@cassidyjames @gnome @todd I have no doubt that people who are used to other paradigms would find it confusing, especially given that apps do not conform to the HIG. If you observed Windows users using macOS, you'd see a lot of confusion. It's not because macOS lacks conceptual coherence. I’d really love to see a conversation around the specific design-related points I raised. As I detailed in the post, the migration is being undertaken based on a set of trivially provable incorrect assumptions.
@aral @gnome @todd 1. Disconnected from the app window: the majority of GNOME apps which follow the HIG are indeed single-window. So that's already a weak distinction. But forcing users to understand the difference between "the app" as they see it (the window that contains the app) and "the app" as the system sees it is a bit of an outdated, technical distinction. If you don't already know that distinction, it feels arbitrary.
@aral @gnome @todd 2. Doesn’t make sense with multiple monitors: this is probably the largest thing that trips up our users. If your app is not on the "primary" display, then its menu is so far removed from the context of your work. It's a massive amount of eye and mouse travel to get to the app menu—so much so that users simply don't do it. There are other stronger, more contextual signifiers for window focus, which is what tells the user their context.
@aral @gnome @todd 3. No other platform has this pattern: macOS treats its menus rather differently. First, the panel appears on all displays, whereas in GNOME it is pinned to the primary display. Second, macOS always lists several standard app-wide actions (which don't have equivalents in GNOME) across the top bar. Third, almost every app on the platform uses those menus. Lastly, it's a deeply searchable hierarchial menu structure, not a flat, single-level.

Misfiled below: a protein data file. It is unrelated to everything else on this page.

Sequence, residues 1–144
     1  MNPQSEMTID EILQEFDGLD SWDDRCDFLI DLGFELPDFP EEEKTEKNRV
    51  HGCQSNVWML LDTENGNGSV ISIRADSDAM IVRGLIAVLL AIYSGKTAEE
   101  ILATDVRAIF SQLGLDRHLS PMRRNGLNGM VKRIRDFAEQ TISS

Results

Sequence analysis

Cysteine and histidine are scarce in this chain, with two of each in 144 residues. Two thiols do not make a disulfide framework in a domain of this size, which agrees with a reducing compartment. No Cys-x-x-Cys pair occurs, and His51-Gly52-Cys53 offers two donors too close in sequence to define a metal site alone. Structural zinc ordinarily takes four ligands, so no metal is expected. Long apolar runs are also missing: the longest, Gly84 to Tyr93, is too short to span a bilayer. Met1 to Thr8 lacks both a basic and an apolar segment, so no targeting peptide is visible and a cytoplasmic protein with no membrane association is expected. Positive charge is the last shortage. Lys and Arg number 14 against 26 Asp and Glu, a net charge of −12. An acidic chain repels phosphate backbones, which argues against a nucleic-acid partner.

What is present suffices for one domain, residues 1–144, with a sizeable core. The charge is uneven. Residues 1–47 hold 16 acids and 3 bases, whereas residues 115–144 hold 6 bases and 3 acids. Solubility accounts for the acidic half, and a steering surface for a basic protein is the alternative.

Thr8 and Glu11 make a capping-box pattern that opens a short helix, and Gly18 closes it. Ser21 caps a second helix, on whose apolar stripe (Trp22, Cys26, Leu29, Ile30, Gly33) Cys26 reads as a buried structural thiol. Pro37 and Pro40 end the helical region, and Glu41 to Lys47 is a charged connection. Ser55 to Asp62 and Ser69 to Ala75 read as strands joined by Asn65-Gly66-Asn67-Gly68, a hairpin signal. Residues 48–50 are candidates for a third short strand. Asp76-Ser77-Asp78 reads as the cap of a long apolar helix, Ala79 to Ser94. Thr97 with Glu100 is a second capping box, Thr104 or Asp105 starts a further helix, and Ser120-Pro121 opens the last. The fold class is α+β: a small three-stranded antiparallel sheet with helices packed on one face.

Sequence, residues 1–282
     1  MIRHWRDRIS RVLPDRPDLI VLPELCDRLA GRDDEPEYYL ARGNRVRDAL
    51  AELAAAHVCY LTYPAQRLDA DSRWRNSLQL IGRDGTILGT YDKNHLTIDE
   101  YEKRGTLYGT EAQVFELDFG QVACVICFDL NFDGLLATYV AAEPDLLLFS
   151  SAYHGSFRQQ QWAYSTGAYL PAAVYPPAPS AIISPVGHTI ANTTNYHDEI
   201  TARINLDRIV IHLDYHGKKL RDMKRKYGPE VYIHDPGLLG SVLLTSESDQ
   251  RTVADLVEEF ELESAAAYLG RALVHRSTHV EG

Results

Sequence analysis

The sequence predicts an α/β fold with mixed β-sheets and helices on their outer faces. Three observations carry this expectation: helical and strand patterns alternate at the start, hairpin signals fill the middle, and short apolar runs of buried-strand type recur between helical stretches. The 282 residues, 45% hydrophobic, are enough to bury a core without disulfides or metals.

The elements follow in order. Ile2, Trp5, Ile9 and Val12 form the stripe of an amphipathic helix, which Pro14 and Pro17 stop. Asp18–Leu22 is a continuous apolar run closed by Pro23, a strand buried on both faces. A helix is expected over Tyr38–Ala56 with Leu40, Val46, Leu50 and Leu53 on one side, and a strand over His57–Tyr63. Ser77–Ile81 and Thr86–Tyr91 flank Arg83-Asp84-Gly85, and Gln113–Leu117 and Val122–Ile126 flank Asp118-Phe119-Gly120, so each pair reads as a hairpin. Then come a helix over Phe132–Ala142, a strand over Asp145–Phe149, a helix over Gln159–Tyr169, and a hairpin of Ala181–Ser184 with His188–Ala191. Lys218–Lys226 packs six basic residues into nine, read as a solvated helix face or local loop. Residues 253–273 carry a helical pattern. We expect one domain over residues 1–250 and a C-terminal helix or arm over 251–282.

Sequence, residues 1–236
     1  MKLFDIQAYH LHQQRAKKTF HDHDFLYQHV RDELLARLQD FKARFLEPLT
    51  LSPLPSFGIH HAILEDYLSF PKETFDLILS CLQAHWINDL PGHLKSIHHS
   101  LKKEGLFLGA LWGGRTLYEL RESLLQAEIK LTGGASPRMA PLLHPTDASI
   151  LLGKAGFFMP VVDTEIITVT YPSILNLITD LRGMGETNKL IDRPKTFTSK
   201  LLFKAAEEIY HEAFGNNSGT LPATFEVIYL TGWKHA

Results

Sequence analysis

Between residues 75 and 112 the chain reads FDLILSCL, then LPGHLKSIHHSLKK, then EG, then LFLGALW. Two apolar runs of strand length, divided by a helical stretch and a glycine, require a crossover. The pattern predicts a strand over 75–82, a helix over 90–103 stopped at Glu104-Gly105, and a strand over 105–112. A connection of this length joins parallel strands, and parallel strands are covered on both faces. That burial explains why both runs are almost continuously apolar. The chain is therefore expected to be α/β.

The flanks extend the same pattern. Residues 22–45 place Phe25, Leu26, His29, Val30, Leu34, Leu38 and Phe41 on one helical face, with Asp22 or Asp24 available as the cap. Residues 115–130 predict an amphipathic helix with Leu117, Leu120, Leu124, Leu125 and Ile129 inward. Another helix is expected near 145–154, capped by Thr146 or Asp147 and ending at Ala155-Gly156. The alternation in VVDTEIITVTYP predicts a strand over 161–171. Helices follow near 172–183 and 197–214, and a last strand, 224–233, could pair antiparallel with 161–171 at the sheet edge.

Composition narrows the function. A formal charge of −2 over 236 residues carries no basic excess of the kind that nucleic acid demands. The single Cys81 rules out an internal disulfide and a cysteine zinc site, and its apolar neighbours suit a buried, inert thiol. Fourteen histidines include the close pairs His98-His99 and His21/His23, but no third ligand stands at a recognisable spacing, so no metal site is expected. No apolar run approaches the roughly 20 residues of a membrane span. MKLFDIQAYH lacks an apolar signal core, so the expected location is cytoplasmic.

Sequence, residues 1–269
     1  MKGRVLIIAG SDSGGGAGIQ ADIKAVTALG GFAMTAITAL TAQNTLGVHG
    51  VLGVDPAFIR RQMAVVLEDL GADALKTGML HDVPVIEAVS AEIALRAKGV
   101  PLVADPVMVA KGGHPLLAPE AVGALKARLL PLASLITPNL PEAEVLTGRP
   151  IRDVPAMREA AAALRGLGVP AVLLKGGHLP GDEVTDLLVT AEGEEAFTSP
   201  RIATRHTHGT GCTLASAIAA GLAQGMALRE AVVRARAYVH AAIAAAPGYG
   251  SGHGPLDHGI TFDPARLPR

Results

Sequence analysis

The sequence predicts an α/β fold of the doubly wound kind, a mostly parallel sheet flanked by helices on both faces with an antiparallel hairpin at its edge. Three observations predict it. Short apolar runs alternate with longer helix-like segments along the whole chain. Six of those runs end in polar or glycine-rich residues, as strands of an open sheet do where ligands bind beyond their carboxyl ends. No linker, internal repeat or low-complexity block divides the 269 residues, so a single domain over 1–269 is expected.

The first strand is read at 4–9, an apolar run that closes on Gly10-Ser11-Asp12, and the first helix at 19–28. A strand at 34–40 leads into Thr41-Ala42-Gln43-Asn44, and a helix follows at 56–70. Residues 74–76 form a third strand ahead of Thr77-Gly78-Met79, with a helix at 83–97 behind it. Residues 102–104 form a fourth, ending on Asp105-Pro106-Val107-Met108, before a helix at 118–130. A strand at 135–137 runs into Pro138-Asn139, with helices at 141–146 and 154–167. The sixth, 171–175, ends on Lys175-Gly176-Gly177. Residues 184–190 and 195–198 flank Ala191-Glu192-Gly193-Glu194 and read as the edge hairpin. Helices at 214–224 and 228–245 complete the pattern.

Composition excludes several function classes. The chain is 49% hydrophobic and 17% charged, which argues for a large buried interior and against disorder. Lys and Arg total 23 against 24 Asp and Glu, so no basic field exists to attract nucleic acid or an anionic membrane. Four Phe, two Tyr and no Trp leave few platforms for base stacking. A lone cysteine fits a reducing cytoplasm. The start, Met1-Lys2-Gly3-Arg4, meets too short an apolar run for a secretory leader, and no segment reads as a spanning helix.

@aral @gnome @todd 4. Distinction between app-level and view-level menu items can be murky: this mostly revisits point 1—there is actual murkiness in the most first-party, HIG-abiding apps from GNOME themselves, let along from third-parties. This is again not helped by most GNOME apps being designed to be single-window, plus users not necessarily grasping the technical distinction between an app window and this abstract concept of an app's running process.
@aral @gnome @todd 5. Only accessible for app which currently has focus: this falls apart as display sizes and number grow. We observe many users with two, three, four, or more large displays writing code, checking email, messaging, managing spreadsheets, etc. They don't want to have to click inside a window to focus it, and then go back to the panel (often far, far away from the app window) to perform an action. It's a lot of extra juggling for these users.
@aral @gnome @todd 7. Third-party apps have not widely adopted it, so it mostly sits there empty: similar to point 6—not really an argument in itself. And for the GNOME platform itself, I agree that this should not be a focus. But for the practicality side from System76, most apps our users actually use aren't first-party GNOME ones, they're the Firefoxes, Blenders, Atoms, Curas, etc. that aren't catering to the desktop itself.